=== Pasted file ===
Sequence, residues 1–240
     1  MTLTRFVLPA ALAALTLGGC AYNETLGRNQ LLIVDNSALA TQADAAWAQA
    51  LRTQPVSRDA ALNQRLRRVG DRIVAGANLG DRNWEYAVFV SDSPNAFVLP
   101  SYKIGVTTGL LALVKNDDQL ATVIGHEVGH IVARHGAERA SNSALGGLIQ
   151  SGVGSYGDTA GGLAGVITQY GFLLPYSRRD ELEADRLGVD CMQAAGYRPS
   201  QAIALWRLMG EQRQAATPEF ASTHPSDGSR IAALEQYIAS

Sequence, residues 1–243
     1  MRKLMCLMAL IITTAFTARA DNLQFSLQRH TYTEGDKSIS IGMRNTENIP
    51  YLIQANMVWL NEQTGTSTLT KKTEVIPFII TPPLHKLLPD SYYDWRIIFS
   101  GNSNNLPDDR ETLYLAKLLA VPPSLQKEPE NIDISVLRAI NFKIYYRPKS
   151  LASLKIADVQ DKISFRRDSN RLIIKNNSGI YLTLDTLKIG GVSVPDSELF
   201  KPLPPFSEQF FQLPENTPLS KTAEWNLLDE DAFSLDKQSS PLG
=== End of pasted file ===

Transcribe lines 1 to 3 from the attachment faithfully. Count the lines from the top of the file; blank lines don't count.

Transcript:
Sequence, residues 1–240
     1  MTLTRFVLPA ALAALTLGGC AYNETLGRNQ LLIVDNSALA TQADAAWAQA
    51  LRTQPVSRDA ALNQRLRRVG DRIVAGANLG DRNWEYAVFV SDSPNAFVLP